Perth is the capital and second-largest city of the Federation of West Australia. Founded in 1829 and established as the national capital of West Australia upon the nation's independence in 1903, Perth has served not only as the seat of government and economy, but also that of important reforms that have shaped the nation, including the 1990 March Riots.
First settled as early as 1826 and founded in 1829, Perth grew as a small town until 1856, when Britain's Queen Victoria granted it city status within the Colony of Western Australia. In 1901, the Commonwealth of Australia was proclaimed, minus Western Australia, which overwhelmingly voted against joining the new federation. Two years later, when West Australia was granted its independence by Edward VII of Britain, Perth became capital of the new nation, and as a result, the city's main hospital - the Perth Public Hospital - was renamed King Edward VII Memorial Hospital in his honor.
"Years of Peace" Era (1905-1930)
Between 1903 and 1932, the population of Perth boomed as the capital and then-largest city of the new republic, quadrupling from 67,000 in 1903 to over 268,000 in 1930.
Great Depression; Socialism takes hold (1930-1932)
In January 1930, the national economy was pulled into the ever-growing Great Depression that had begun in America the previous October, and Perth was no exception. Over a thousand unemployed factory workers marched on the city and national Capitols in early 1931, riots over the skyrocketing unemployment rate wracked the streets throughout the decade, and worst of all, fringe groups - particularly the corrupt West Australian Communist Party - began to take advantage of the chaos and nominated Fred Paterson as Prime Minister in the 1932 elections. Paterson won by a landslide, due to rising public discontent with the federal government's handling of the economic situation, but proved hardly better at all, turning the nation into a semi-socialist and heavily militarized state by 1937.
Militarism era (1932-1990)
From 1932 to 1990, Perth's population plateaued at roughly 600,000, largely due to acts of terrorism and public unrest that plagued the city, as well as the occasional bombing raids by Allied forces during World War II, the Indonesian War, and the Great Australian War, particularly in WWII, when American B-29s and B-49s based in Australia and Kerguelen devastated Perth's industrial sector.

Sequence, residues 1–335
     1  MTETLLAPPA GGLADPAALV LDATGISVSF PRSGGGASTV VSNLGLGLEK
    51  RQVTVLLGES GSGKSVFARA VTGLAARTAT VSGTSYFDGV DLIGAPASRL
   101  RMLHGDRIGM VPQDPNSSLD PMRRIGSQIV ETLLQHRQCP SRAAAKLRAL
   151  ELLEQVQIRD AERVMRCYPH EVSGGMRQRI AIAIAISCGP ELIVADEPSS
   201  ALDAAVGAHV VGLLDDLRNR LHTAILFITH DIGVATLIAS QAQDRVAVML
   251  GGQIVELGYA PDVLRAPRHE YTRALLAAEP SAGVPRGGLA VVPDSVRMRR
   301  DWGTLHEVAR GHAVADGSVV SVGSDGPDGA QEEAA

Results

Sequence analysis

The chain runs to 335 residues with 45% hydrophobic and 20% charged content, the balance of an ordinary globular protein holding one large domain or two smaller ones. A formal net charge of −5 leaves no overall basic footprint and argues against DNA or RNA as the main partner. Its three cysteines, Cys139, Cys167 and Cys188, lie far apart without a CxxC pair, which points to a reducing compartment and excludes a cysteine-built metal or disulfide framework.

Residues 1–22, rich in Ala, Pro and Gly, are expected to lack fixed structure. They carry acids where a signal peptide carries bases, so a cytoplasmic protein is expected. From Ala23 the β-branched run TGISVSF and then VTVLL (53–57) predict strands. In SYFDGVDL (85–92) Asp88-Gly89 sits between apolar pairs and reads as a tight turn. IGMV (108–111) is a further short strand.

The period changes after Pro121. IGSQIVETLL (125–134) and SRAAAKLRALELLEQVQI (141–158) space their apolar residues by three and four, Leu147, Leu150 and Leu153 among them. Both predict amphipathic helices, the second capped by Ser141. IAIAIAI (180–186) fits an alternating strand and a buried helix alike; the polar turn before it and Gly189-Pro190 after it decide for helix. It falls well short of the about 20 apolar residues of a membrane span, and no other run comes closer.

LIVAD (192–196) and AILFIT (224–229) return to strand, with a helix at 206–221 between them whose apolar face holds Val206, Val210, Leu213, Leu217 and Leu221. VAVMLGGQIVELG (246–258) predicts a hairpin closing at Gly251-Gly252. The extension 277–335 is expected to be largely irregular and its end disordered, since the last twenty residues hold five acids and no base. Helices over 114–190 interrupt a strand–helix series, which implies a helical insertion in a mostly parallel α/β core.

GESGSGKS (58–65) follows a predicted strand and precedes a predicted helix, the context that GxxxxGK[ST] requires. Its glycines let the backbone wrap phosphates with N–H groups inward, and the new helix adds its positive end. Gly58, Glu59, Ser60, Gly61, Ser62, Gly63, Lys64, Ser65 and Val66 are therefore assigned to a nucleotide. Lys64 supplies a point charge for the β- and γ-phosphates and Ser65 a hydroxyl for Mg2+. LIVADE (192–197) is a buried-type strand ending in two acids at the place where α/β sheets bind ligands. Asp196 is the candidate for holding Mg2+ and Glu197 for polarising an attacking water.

March Riots (1990)
Main Article: 1990 March Riots
With the collapse of the Manila Pact Alliance, the nation began to clamor for greater public freedoms and to end the extreme militarism that had wracked the continent for over fifty years. Finally, in March of 1990, with most Eastern European nations free from the yoke of Soviet Communism, uprisings across West Australia and its annexed territories reached a fever pitch in the March Riots centered in the Perth city suburbs of Armadale, Bayswater, and Belmont. Police attempting to quell the rioters were overwhelmed and imprisoned themselves as the crowds grew to include much of the city's population and marched on both the national and city capitols as well as the central business district. When the crowds surrounded the national capitol, Prime Minister Peter Symon ordered the military in and authorized them to use extreme force as determined. Much to Symon's disbelief, air force personnel and army troops refused to blatantly slaughter innocent civilians and instead joined the protesters, calling for an immediate end to militarism and socialism as well. After much debate among Senate members and his aides, Symon finally relented after revelation of his nuclear deals with the Soviet Union in the late 70s and stepped down as Prime Minister of West Australia, along with his entire cabinet and the Senate at 9:07 p.m. AWST on March 12, briefly leaving the nation leaderless as the people carefully chose new and trustworthy, but temporary leaders for the Senate and Acting Prime Minister in the unofficial August 22 elections.